richard-ricky-thomas_web.jpgArmed with a bachelor’s degree in political science that he earned from Florida A&M University in 1956, Richard “Ricky” Thomas set out to change the political landscape in Miami for African Americans.

Concerned about Miami's civil rights struggle and holding a strong belief that socio-economic progress would come for blacks when they became more politically involved, Thomas joined the late Charles “Papa” Hadley to form Operation Big Vote, a well-organized political machine that pushed for  increased voter registration and voter participation among African Americans in Miami-Dade County. 

An outspoken member of the community, Thomas turned to the media to promote his message. He began writing in 1970 with Out of the Dark, a weekly column in The Miami Times in which he shared his opinion on the many topics faced by the black community.

Additionally, he stimulated heated debates during his daily commentaries on WMBM-1490 AM. 

Thomas became known to many for the way that he signed off at the end of each radio show: “Freedom, Justice and Equality, one without the other is no good, you can never truly be free if you are not treated as equal, you can never receive true justice if you are not seen as equal. The key to all three is Equality, when man is treated and seen as equal, then and only then will man find true freedom and receive true justice. The Lord is good all the time…This…is Ricky Thomas.”

Thomas’ words in print on air gradually faded as he battled a lengthy illness. He died on July 30 at age 78.Born on Nov. 26, 1932, in Madison, Wisconsin, Thomas was the only child of Albert and Willie Owens.  Besides fighting for political equity by working with a range of candidates over the years, Thomas was instrumental in the election of William “Bill” Turner, the first African-American Miami-Dade County School Board member. He served as Turner’s administrative assistant for eight years.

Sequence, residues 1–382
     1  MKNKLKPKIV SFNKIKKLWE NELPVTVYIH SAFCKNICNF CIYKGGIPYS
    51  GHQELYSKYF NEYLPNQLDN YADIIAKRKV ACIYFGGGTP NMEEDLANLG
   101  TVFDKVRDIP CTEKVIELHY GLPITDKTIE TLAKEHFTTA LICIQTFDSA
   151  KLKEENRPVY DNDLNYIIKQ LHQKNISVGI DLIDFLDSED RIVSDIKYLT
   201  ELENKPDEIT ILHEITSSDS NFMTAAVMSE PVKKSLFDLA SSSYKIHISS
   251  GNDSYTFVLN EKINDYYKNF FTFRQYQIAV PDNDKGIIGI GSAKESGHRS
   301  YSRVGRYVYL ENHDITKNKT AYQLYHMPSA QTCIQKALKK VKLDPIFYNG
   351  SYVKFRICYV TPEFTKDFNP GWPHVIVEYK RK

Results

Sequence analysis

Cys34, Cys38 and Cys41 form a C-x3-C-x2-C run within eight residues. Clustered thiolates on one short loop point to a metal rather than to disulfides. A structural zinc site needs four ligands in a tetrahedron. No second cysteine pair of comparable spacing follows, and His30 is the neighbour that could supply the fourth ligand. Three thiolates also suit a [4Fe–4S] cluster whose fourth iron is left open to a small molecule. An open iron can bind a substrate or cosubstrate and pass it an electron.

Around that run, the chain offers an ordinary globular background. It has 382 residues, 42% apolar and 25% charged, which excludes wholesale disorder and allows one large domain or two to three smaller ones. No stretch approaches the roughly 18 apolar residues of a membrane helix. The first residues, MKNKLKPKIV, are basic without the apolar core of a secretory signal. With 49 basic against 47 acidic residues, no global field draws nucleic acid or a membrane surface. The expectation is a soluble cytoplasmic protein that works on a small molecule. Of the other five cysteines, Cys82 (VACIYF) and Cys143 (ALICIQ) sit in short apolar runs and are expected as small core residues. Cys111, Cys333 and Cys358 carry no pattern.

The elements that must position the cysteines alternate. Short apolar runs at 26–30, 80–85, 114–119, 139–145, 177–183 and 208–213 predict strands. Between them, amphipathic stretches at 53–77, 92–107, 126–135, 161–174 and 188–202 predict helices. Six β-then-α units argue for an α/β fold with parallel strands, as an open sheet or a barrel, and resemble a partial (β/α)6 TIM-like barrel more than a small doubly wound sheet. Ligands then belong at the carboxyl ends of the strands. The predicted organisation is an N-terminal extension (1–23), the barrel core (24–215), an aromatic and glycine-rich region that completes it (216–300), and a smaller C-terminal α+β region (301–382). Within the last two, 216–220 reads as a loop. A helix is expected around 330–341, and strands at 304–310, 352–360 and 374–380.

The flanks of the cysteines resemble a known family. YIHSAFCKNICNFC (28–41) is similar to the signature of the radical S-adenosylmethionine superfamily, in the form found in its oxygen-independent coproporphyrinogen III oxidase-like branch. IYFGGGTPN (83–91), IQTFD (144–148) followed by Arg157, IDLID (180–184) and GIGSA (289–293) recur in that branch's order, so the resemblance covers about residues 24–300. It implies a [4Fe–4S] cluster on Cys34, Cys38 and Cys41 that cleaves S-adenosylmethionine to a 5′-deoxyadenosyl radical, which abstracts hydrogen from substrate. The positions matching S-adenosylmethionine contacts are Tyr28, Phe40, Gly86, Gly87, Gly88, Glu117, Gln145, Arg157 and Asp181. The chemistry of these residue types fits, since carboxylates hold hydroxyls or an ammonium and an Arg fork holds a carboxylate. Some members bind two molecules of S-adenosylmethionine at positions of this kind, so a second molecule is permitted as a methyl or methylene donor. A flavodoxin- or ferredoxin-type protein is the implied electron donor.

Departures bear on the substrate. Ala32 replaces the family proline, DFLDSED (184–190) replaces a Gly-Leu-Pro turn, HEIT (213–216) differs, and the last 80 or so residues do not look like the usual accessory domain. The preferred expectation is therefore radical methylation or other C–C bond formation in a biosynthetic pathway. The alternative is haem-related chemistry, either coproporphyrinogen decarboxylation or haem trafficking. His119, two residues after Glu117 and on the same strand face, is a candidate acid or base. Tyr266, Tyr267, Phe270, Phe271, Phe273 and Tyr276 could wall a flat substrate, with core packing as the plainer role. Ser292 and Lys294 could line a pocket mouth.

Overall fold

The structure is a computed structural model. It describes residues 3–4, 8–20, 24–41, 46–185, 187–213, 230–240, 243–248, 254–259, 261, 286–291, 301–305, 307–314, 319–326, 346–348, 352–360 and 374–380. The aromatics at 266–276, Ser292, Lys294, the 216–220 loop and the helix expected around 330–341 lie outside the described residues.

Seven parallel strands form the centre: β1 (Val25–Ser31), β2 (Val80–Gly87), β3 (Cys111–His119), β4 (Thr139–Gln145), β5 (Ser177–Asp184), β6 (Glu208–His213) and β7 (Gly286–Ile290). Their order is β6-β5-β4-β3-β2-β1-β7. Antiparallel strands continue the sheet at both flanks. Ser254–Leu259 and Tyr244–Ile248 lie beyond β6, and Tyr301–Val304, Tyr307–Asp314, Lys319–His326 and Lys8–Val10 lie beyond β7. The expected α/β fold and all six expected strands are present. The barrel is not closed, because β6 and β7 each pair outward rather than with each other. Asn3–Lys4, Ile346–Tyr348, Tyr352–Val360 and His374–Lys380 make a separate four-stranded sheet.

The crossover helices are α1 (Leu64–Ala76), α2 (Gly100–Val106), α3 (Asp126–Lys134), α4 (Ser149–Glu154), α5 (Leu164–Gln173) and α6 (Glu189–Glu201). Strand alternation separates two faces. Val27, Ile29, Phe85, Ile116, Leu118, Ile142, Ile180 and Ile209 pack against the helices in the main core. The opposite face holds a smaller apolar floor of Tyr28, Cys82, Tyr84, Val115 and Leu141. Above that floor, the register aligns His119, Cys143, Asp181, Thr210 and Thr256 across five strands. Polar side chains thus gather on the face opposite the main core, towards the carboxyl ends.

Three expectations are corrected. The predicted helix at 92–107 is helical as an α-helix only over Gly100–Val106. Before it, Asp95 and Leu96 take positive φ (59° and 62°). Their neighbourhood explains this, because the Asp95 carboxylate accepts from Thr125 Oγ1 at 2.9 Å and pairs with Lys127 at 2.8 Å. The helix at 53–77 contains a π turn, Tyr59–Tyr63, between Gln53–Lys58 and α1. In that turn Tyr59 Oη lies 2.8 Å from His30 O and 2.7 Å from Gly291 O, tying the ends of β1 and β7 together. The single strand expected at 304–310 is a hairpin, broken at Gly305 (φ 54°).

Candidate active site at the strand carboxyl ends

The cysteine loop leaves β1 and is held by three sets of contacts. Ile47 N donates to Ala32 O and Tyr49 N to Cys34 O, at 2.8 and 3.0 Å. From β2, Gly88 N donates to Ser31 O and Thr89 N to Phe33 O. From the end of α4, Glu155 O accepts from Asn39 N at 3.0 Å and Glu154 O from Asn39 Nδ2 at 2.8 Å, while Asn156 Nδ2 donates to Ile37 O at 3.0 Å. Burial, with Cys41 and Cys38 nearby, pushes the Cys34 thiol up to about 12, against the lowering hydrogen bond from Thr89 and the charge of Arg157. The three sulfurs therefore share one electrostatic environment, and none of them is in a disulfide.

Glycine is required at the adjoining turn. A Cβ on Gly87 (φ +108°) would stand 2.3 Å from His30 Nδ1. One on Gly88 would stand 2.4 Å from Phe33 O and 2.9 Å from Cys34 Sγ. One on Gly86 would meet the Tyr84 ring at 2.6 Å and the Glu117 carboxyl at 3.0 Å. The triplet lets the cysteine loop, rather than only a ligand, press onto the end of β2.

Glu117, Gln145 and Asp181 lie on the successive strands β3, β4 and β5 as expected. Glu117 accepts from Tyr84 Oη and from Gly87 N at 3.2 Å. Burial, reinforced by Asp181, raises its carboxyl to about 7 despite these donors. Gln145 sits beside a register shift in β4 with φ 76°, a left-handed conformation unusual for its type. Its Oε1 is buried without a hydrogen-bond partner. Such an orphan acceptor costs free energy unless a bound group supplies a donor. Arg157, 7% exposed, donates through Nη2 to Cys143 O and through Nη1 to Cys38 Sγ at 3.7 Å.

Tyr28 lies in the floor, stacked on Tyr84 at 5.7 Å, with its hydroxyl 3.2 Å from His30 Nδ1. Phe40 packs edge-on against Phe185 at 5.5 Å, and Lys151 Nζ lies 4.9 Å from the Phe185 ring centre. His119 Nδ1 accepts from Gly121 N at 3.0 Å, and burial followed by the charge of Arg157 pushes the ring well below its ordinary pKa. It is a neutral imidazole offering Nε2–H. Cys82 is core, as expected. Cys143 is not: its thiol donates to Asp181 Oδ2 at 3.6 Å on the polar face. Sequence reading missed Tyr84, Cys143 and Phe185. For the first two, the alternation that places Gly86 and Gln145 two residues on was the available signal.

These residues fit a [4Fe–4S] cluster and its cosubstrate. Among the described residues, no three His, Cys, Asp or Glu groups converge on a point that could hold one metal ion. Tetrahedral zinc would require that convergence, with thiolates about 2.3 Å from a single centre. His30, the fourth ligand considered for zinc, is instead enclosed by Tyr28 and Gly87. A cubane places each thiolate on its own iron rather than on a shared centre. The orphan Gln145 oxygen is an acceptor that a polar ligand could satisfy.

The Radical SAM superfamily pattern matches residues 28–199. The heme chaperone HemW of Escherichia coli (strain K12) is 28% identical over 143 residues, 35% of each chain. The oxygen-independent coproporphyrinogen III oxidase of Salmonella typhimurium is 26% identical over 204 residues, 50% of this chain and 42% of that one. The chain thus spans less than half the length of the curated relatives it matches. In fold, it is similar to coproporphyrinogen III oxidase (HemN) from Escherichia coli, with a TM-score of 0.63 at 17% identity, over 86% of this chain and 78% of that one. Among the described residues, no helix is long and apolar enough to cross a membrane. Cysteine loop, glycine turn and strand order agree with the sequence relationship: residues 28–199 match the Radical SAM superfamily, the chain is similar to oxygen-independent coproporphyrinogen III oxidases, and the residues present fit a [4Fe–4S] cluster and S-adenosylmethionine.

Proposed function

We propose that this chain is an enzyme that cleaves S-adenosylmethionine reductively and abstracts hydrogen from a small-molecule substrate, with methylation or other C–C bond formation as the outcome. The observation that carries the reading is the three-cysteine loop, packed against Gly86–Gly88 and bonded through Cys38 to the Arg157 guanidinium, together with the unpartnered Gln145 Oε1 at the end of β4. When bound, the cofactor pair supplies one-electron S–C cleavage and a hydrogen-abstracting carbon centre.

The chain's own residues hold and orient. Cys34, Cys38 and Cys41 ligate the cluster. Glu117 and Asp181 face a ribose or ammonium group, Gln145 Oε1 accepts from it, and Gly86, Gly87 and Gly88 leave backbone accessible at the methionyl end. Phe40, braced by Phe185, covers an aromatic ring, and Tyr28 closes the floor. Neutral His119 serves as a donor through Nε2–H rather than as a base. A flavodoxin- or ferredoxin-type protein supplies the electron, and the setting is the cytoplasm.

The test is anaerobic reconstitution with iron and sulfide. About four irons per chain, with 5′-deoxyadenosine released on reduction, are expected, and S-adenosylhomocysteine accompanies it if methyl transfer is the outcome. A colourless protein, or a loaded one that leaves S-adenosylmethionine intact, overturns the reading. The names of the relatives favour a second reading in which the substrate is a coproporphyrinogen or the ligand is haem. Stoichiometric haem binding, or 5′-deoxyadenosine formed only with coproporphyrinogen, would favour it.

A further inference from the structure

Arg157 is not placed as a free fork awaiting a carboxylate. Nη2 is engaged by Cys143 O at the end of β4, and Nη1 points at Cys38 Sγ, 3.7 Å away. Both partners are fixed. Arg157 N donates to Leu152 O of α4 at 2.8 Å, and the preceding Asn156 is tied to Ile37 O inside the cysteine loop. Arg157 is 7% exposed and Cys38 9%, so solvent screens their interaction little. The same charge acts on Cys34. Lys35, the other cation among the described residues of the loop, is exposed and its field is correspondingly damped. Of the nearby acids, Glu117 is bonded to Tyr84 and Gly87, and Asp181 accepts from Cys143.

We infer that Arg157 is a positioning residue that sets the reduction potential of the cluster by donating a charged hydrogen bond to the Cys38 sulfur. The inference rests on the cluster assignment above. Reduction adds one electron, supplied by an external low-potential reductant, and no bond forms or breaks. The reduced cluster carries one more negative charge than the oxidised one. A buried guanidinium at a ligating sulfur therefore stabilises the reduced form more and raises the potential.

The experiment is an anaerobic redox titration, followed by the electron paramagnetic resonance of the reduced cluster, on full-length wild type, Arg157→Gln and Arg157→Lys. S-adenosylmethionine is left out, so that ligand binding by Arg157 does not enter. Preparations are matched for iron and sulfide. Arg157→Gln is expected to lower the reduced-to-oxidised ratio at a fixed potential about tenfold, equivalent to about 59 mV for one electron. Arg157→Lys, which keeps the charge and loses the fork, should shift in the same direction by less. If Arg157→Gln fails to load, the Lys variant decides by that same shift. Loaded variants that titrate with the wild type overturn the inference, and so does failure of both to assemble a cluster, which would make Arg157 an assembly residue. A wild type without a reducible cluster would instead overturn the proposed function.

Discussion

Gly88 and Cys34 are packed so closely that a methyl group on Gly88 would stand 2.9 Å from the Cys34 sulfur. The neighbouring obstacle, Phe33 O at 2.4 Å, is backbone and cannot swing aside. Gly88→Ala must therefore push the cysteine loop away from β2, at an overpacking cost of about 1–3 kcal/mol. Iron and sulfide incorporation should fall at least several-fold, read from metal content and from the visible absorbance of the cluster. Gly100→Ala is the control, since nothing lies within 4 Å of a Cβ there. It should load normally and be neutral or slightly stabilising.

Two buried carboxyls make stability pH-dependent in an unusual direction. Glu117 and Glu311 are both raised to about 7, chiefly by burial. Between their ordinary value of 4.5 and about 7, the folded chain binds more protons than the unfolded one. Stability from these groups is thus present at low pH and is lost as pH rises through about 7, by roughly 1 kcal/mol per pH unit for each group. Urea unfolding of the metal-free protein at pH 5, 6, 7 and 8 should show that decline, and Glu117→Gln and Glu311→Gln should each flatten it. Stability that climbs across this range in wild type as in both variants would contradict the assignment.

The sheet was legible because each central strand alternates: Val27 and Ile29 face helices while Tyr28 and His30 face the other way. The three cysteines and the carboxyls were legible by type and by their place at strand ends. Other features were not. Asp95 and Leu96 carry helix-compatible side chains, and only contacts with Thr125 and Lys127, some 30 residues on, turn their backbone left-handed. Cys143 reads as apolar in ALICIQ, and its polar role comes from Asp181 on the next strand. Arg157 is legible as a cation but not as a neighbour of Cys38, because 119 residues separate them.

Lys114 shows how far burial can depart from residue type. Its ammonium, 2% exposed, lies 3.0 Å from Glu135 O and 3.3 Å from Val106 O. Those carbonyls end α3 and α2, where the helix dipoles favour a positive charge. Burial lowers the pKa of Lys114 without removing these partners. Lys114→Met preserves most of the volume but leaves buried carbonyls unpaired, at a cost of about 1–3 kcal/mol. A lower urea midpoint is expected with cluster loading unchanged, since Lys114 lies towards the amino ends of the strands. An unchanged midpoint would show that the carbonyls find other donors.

Thomas was also an accomplished musician, who wrote and recorded many songs and played with local greats such as Eric Knight, Sam Harrison, Elliott Flanders, Rudy Ferguson and Charlie Austin. In 1978, he went to work with the Comprehensive Employment and Training Act (CETA) program under the leadership of Maurice Ferre through the city of Miami.

After the 1980 riots in Liberty City, the Metro-Miami Action Plan (MMAP) was established to reduce disparities among white, black and Hispanic residents and promote equal access for all of Miami-Dade. Thomas continued to be involved with MMAP – which is now known as Miami-Dade Economic Advocacy Trust – through 2001 and remained a voice for the black community until he became ill in 2007. 

Thomas’ survivors include his wife of 45 years, Patricia Smith Thomas; children, Rory Thomas (Bridgette) of Sanford, Gregory Robinson (Helen), Rodney Robinson, Lori Gullie, Darlene Cordero and Richelle Lumpkin (Ardonnis); 17 grandchildren, six great-grandchildren, and a host of other relatives.

Funeral arrangements are being handled by Range Funeral Home and include a viewing and memorial service at 5:30 p.m. Friday at Mt. Hermon AME Church, 17800 NW 25th Ave., Miami Gardens. Services will be held at 1 p.m.  Saturday at Mt. Hermon, to be followed by interment at Dade Memorial Park North, 1301 NW 136th St., Opa-locka.

Photo: Richard “Ricky” Thomas